Of particular importance, is the fact that the conductive members disposed within respective recesses 930 are formed with an upper surface which is coextensive with the upper surface 929 of insulator 928. This arrangement allows one layer 925 of the wrapped wiring assembly 923 to be disposed in contiguous overlaying relationship with an overlying layer 925 of the wrapped wiring assembly, as shown in FIG. 4. It should be noted that the conductive members 932, 934 may be deposited on the substrate 936 prior to the securement of the blocking members 938, 940. In such case, the blocking members 938, 940 are applied to the substrate on opposing sides of the deposited conductive members 932, 934 in a subsequent operation.
As shown in FIG. 4, separate windings 924 and 926 may be electrically interconnected by connecting assembly 944 to form a single winding thereby. In this manner the innermost end of the winding 924 may be connected to the end 946 of connecting assembly 944 for coupling with outermost end of winding 926 through the end 948 of connecting assembly 944. Similarly, the innermost end of winding 926 may be brought out of the winding assembly 922 in a similar manner, with the respective connecting assembly 944' being disposed in spaced parallel relation with the connecting assembly 944. The conductive member 954' of connecting assembly 944' providing the electrical connection to the conductive member 934.
Referring now to FIG. 5, there is shown another connection configuration of the connecting assembly 944. As previously discussed, the wiring assembly may utilize a longitudinally extended insulator 928' which is integrally formed in one-piece formation. The respective conductors 932 and 934 disposed in respective recesses 930 may be interconnected on the same wiring layer 925 by placing one end 948 of connecting assembly 944 in contiguous transverse overlaying relationship with conductor 932 and wrapping the connecting assembly around the rear side of insulator 928, bringing the opposing end 946 of connecting assembly 944 into contiguous transverse overlaying relationship with conductive member 934. This portion of wiring assembly 923 is wrapped on the hollow core 910 and overlaid with subsequent layers 925, not unlike that which is shown in FIG. 4.
The structure of the connecting assembly 944 is similar to that of wiring assembly 923, as shown in FIG. 6. The wiring assembly 944 includes an insulator 950, which may be integrally formed in one-piece formation like that of insulator 928', or alternately formed by securing a pair of blocking members 958 to a substrate member 956. A conductive member 954 is formed by a deposition process in the recess 952. The recess 952 may be formed in the integrally formed insulator, or alternately is formed by the space between the spaced parallel blocking members 958 bonded to the substrate 956. The tight winding Of the wiring assembly 923 about the hollow core 910 of bobbin 908 insures intimate contact between the electrical conductive members to provide a good electrical connection therebetween.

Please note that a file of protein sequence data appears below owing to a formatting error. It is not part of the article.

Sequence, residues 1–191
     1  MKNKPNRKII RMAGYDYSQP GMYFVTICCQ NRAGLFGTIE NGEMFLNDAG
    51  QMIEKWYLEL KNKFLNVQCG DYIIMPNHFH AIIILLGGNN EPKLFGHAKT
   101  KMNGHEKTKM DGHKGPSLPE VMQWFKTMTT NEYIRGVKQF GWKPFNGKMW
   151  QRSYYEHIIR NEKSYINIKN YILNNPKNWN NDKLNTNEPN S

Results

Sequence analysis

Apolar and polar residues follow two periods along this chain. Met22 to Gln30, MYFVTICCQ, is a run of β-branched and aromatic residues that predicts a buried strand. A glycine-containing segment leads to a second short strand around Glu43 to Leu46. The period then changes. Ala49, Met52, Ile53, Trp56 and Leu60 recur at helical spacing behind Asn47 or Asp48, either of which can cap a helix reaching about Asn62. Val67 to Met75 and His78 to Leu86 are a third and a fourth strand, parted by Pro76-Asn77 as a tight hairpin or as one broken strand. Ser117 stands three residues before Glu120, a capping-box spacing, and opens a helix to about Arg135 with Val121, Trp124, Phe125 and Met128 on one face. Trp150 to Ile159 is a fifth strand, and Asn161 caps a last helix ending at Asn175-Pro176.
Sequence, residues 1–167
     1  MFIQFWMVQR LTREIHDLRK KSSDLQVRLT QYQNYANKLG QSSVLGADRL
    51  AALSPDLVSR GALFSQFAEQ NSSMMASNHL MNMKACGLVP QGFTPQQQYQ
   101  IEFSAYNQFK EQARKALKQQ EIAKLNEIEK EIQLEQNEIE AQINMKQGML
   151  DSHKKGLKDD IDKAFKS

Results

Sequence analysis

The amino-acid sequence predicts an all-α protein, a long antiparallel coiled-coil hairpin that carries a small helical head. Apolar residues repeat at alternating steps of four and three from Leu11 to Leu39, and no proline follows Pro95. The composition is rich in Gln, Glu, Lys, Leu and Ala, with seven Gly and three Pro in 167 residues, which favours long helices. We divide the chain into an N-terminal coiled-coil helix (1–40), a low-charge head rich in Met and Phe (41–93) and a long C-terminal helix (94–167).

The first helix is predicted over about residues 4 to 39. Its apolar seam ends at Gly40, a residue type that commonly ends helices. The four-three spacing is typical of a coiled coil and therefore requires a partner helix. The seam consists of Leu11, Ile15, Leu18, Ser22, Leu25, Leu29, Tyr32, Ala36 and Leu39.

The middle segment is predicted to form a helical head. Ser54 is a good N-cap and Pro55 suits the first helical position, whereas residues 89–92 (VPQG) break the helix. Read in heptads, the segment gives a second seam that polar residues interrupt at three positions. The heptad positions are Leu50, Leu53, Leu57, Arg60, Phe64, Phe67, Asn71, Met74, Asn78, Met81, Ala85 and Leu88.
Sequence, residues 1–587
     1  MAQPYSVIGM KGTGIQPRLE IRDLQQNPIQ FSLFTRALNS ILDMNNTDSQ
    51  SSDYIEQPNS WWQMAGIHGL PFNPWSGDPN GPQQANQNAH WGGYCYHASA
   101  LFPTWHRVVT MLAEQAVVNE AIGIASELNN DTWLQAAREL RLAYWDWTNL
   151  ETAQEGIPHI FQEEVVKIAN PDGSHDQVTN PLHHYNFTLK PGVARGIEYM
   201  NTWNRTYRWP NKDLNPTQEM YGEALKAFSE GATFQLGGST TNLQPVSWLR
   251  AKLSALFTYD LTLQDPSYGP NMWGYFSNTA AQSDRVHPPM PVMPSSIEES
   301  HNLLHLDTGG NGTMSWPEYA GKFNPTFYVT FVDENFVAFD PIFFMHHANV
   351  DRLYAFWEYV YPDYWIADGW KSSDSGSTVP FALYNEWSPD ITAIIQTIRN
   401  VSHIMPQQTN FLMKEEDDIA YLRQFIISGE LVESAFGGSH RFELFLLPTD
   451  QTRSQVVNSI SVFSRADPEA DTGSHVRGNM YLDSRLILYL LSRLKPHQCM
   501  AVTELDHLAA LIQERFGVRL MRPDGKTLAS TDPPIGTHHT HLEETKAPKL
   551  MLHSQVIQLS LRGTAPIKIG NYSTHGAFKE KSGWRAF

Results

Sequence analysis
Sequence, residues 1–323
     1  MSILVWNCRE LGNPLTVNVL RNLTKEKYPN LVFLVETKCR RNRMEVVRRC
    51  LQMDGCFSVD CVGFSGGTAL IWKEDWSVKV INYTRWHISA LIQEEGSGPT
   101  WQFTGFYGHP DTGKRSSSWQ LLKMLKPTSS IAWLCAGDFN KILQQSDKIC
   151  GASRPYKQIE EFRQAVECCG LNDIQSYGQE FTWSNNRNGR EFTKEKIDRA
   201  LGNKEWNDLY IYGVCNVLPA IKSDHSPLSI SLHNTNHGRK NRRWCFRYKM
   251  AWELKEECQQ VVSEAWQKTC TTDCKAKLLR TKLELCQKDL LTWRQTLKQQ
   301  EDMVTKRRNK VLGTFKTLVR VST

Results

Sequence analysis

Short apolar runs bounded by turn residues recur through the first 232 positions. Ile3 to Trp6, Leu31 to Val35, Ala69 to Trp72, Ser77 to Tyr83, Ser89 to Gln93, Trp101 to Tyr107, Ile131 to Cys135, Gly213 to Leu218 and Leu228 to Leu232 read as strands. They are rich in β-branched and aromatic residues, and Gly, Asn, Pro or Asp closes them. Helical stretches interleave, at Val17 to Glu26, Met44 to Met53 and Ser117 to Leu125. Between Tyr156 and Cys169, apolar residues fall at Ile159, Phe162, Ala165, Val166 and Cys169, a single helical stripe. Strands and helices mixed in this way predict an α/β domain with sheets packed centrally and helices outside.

Insulators 928 and 950 may be any of a wide variety of plastic material compositions. In particular, polyesters, polyamides and fluoroplastics are of the type having properties well suited for this application. Such materials are available under the trade names Mylar, Nylon, Teflon and Tefzel. Using these materials, of predetermined thicknesses, the spacing between conductive layers is thereby established and maintained substantially constant throughout the construction of the transformer 900. These dimensions will not substantially vary from one transformer 900 to another. Similarly, the cross-sectional area of the respective conductors 932, 934, 954 can be determined based upon the desired resistance for the respective winding and the current carrying capacity required for a particular application. The fact that the conductors are located on the insulator in a fixed position, which will not vary from one layer 925 to another, further adds to the precision by which the inductance and leakage inductance can be predetermined, with the leakage inductance being able to be maintained at a low level. The values of these variables being consistently maintained in a manner not possible by conventional wire winding techniques.